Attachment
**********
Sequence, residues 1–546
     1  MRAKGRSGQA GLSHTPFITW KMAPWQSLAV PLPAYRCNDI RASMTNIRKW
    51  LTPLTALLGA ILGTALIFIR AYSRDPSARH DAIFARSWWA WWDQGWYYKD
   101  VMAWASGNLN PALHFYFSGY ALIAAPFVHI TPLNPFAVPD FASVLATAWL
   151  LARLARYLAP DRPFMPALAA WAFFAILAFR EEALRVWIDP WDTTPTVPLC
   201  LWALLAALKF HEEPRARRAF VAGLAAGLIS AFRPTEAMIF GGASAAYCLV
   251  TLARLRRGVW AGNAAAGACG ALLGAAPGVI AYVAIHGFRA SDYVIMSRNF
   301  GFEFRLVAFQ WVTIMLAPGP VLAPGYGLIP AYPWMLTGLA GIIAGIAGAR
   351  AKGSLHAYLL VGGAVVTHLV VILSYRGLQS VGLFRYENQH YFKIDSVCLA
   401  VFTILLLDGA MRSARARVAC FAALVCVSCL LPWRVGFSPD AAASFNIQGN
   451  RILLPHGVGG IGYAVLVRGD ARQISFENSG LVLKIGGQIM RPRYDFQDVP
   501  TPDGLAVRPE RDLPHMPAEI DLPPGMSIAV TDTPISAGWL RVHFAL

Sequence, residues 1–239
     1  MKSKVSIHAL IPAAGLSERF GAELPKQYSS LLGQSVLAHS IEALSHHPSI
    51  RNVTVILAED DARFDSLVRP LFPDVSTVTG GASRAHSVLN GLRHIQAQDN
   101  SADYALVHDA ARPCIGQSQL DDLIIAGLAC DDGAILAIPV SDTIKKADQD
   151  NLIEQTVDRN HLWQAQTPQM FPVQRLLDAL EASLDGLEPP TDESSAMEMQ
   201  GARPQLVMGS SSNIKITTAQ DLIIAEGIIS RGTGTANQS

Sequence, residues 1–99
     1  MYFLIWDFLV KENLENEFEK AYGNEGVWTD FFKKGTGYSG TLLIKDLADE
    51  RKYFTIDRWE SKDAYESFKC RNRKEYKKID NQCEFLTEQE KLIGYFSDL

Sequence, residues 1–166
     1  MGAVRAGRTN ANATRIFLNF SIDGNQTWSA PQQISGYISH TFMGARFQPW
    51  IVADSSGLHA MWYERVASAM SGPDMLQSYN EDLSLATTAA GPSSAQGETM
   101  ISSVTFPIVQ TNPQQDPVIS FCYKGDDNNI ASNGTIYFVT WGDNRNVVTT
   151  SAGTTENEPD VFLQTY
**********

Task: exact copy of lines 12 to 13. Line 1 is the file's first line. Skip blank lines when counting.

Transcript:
   501  TPDGLAVRPE RDLPHMPAEI DLPPGMSIAV TDTPISAGWL RVHFAL

Sequence, residues 1–239